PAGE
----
Friday, April 19, 2024

Pharmacies to ease pressure on GPs

The NSW Government has expanded the number of medications accessible through local pharmacies to ease pressure on patients who find it difficult to see a GP.  

The reform is set to expand the number of vaccinations pharmacists can administer, trial pharmacists prescribing medication for urinary tract infections, and develop a pilot for trained pharmacists to prescribe medications for a range of other conditions. 

Premier Dominic Perrottet said the proposed reforms aim to relieve pressure on emergency departments and wait times to see a GP by giving the community more access to primary care services. 

“By giving the community greater access to medications and vaccines through their local pharmacist, we are taking pressure off our hardworking GPs by giving them more time for patients with other medical issues,” Mr Perrottet said. 

As of 14 November, pharmacists are authorised to administer vaccines including Japanese Encephalitis, Hepatitis A and B, Poliomyelitis, Typhoid and Zoster. 

The pilot will allow appropriately trained pharmacists prescribe medications for conditions such as skin ailments, ear infections and hormonal contraception. 

Health Minister, Brad Hazzard said the trials were in step with pharmacist reforms being implemented in Queensland and would be open to pharmacists in NSW who undertook appropriate additional training.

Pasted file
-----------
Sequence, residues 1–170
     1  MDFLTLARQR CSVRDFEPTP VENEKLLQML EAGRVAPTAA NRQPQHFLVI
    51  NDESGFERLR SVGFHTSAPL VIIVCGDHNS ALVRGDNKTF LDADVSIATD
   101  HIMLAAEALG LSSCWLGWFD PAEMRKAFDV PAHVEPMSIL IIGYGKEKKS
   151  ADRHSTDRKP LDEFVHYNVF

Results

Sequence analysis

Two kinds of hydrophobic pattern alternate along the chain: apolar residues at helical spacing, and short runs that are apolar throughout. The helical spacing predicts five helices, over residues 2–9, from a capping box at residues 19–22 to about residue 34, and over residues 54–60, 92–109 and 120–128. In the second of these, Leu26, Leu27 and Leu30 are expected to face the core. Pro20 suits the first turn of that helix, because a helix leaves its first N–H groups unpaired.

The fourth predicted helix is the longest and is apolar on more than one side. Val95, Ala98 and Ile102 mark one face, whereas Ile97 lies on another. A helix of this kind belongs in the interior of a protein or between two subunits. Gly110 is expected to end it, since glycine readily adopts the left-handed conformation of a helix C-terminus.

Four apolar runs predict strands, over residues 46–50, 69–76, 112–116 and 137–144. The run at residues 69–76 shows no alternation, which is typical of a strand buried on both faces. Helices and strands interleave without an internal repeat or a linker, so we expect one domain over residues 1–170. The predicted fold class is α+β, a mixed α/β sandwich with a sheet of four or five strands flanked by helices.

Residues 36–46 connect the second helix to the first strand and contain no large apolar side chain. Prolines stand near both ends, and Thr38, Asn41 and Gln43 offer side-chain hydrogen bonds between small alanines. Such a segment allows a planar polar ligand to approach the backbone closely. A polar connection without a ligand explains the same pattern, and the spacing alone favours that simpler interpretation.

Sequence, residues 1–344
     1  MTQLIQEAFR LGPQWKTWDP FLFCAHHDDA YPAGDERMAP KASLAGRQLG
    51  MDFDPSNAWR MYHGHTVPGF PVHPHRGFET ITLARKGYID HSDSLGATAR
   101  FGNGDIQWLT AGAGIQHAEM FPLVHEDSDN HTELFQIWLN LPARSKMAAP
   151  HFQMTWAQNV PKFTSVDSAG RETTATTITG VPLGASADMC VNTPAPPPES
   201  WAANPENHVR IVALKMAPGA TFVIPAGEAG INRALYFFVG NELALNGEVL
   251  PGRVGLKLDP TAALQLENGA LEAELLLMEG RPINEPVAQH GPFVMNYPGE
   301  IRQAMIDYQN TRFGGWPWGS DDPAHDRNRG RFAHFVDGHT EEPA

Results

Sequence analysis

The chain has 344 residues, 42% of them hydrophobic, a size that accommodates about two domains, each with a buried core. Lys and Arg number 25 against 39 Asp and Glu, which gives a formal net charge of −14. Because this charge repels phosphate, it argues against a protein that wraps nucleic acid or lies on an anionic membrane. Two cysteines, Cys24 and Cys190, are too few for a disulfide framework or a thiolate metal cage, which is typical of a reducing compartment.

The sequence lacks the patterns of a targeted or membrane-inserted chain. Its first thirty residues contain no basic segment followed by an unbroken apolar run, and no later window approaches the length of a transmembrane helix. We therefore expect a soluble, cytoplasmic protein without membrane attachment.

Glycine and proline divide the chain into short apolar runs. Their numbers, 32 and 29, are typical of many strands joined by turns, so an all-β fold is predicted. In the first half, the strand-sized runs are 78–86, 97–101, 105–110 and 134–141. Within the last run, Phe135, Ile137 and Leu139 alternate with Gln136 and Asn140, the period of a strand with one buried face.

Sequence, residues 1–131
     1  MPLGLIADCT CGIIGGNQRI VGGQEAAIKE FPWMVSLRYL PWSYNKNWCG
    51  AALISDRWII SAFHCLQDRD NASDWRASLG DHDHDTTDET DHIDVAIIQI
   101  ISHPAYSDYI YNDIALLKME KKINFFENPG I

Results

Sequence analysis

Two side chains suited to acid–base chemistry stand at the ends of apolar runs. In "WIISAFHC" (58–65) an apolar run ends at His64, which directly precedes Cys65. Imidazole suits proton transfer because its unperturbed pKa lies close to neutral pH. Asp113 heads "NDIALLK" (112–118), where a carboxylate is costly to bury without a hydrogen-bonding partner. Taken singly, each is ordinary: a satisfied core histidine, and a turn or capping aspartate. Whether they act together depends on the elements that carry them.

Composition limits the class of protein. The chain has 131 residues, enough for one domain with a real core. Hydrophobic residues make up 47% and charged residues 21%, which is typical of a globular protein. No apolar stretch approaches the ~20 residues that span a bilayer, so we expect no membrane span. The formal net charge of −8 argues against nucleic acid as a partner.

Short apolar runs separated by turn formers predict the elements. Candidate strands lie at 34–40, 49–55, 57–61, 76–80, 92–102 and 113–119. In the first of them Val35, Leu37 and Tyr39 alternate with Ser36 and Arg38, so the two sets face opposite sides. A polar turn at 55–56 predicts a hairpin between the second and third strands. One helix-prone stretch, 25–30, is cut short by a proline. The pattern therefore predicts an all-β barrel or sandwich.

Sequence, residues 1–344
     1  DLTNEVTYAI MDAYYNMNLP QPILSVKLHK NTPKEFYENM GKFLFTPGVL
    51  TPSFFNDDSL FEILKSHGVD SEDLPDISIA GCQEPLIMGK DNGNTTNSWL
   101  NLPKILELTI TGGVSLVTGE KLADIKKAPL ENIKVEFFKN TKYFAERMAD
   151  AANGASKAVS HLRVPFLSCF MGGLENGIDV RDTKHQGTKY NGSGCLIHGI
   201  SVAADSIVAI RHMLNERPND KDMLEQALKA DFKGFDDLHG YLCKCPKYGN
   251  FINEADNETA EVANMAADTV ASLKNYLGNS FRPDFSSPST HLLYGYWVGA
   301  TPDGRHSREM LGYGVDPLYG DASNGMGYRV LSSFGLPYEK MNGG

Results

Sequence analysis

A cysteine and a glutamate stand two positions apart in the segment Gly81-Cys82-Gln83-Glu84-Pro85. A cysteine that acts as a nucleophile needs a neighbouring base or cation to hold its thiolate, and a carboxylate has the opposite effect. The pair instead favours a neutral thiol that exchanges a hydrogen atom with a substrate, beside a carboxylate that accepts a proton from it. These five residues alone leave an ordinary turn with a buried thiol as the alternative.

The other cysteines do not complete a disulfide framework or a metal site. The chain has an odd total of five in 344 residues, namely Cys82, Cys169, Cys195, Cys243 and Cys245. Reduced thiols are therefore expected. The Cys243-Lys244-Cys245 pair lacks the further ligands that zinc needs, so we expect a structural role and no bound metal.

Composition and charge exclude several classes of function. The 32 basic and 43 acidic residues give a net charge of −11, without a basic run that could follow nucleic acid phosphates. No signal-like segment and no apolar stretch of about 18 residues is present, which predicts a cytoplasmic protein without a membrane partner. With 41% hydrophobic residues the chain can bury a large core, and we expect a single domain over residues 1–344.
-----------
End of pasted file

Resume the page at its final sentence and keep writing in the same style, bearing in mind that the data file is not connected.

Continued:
“While some in the primary care sector have firm views on the role of pharmacists, their positive contribution to the management of the COVID-19 pandemic has demonstrated that they are able to deliver more for their communities,” Mr Hazzard said. 

“NSW Health will work with the pharmacy sector, and its regulators, to inform training to ensure we maintain high safety standards, while also providing the community with more convenience.” 

Minister for Women, Regional Health and Mental Health, Bronnie Taylor said the reforms will be transformational for healthcare in the regions, particularly for women. 

“Pharmacies are part of the fabric of our regional communities and empowering our trusted pharmacists to work their full scope of practice will be a gamechanger for so many,” Mrs Taylor said. 

“The NSW Government has heard loud and clear that the process of getting a script for things like a urinary tract infection or birth control must be made easier.” 

An expression of interest process for participation in the urinary tract infection trial commenced on 14 November.

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